Grinning wildly and with fiery eyes, this terrible image of the Great Black One stands heavily upon the body of an ecstatic corpse. While he holds the normal skull cup and chopper in his two hands, supported across the crook of his elbows is an ornamental stick, called the 'gandi' gong, which is used in Buddhist monasteries to summon the monks and nuns to assemblies. It is this intriguing aspect of his iconography which associates him exclusively with the viharas and it is believed to symbolize the vow he once made to the Buddha to protect the monastic community of Nalanda at Bihar and hence by extension all Buddhist retreats. Also, originally it was likely a shaman's staff used during application of protective charms (panjara), hence in this manifestation he also came to be known as Panjaranatha, or 'Lord of Charms." It is also conjectured that the rod denotes the one used to hold up outdoor tents and hence is a reminder that this awesome deity is the supreme savior of the essentially nomadic Tibetan people.
The significance vested with this stick can be realized from the fact that it is also called the 'gandi stick of emanation,' and it is believed that all of Mahakala's other forms emanate from this rod. The Panjaranatha form can thus be thought of as the fundamental or original form of Mahakala, being the source of all the other manifestations, including the four- and six-armed incarnations.
A peculiarity of this deity is that he is depicted with his knees bent, almost seated on his haunches, as if about to rise. This posture is defined in the Sadhanamala; Mahakala is said to be rising from the body of the ghost (pretasanastham utthitham) on which he was seated in yogic meditation. Also, his physical form is dwarfish (vamana) and often squat, adding to the grotesqueness of the visualization. The short stature shows that Mahakala possesses a compact power.
The jewelry worn so elegantly on his chubby body and gigantic head includes a gold crown, necklaces, earrings, and anklets. A garland of severed heads and snakes and the chalk white five-skull crown complement the ornaments and his glowing eyeballs and gleaming teeth. Each of these five skulls specifically symbolizes the conquest of a particular type of obstruction of enlightenment. Mahakala takes a terrific form and conquers the most horrible realms of existence. As a fierce manifestation of Avalokiteshvara, the Bodhisattva of Compassion, Mahakala helps beings overcome all negative elements, especially spiritual ones, personified and symbolized by the panoply of fearsome creatures over which he becomes lord. He wears his grisly ornaments to show his indefatigable determination to redeem even the horrible.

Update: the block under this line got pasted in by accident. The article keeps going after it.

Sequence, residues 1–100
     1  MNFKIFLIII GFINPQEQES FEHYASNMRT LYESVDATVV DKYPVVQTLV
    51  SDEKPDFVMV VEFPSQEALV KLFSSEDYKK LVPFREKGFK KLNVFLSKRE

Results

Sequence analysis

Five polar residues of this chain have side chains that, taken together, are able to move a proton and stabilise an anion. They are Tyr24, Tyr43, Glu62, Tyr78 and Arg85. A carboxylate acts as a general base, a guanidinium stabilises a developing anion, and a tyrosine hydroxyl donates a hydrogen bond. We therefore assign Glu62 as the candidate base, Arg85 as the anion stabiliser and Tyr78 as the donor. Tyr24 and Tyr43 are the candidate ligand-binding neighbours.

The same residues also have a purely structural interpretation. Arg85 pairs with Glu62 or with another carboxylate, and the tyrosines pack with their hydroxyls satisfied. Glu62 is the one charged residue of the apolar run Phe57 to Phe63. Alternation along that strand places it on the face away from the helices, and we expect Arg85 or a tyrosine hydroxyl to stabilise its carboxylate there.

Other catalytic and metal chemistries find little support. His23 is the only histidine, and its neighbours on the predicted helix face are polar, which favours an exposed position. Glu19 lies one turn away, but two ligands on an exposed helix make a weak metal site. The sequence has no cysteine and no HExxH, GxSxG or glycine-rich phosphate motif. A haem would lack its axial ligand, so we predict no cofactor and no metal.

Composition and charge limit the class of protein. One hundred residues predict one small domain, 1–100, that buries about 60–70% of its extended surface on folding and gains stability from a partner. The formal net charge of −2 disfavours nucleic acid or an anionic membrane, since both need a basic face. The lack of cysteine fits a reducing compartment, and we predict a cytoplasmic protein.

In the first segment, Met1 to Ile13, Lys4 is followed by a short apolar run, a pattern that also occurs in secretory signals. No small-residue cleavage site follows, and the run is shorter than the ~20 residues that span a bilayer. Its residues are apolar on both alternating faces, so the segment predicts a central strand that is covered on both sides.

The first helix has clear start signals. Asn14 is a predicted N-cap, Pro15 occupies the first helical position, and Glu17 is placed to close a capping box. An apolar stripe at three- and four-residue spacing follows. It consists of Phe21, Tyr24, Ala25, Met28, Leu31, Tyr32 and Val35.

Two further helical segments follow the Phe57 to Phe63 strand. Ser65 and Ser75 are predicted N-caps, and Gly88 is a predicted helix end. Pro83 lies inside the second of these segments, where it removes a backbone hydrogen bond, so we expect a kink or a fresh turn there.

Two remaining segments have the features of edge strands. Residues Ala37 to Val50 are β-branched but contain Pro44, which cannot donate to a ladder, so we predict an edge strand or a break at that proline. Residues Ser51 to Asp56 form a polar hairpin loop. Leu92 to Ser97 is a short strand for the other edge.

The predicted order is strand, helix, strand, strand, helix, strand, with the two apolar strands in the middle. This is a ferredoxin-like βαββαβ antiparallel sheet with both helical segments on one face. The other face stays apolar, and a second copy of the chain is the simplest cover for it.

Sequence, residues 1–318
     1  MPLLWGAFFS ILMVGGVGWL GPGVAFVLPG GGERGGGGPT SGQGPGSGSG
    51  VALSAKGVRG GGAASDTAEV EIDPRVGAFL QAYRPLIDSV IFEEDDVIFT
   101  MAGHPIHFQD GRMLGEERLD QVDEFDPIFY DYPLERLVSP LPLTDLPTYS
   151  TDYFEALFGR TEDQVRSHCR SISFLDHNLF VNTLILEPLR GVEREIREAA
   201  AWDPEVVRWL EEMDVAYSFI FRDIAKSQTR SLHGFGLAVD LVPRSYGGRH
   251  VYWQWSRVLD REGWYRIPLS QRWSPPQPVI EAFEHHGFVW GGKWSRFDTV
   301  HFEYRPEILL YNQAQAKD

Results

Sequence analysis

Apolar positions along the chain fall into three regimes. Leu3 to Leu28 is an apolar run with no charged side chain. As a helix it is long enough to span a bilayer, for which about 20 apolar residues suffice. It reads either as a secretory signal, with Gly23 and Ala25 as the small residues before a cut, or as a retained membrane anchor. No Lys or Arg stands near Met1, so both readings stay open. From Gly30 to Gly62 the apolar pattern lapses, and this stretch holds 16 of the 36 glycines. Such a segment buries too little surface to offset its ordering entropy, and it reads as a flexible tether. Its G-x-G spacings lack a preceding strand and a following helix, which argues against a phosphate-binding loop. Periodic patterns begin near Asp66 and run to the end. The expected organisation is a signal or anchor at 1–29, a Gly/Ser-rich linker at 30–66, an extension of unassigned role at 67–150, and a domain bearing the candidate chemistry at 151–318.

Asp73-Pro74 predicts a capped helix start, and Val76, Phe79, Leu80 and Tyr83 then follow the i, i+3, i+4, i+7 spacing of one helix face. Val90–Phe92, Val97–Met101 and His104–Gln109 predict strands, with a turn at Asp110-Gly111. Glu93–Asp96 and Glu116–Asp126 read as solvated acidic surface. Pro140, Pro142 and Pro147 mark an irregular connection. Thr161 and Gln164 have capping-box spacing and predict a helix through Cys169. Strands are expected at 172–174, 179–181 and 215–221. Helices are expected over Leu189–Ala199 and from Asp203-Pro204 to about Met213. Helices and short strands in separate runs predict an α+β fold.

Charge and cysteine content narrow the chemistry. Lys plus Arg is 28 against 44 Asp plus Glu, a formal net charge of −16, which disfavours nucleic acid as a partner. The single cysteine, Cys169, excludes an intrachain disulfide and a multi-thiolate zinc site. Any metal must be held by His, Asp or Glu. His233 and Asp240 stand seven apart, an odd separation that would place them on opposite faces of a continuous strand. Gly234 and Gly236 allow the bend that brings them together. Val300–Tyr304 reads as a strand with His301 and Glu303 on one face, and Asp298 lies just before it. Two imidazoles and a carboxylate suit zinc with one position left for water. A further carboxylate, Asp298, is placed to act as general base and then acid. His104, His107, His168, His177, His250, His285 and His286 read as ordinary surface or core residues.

Panjaranatha is the preserver of the Sakya order.
Nepalese Copper sculptures – Their Care and maintenance
Nepalese sculptures are well-known throughout the globe for their distinctive features. The artists of Nepal specialize in making small religious figures, especially Buddhist and Hindu, and ritual objects in copper or bronze alloy. The characteristic features of sculptures of Nepal are elongated and languid eyes, exaggerated physical postures, round facial features, and sensuous youthful bodies. All these features exhibit a high level of skill and exquisite beauty that draw their influence from the artistic style of the Gupta and Pala Empires from ancient India. Nepali sculptures are especially appreciated for perfectly portraying the spiritual cultures of Buddhism and Hinduism.
Maintenance of copper statues
The ancient artists of Nepal preferred to use copper more than any other material due to its amazing properties. It is a soft and malleable metal that makes it suitable for molding into any desired shape or form. A sculpture requires a structure with realistic intricate details and copper is an appropriate material for this purpose. Although copper sculptures do not need much care and maintenance, you should not question the need of cleaning them carefully.
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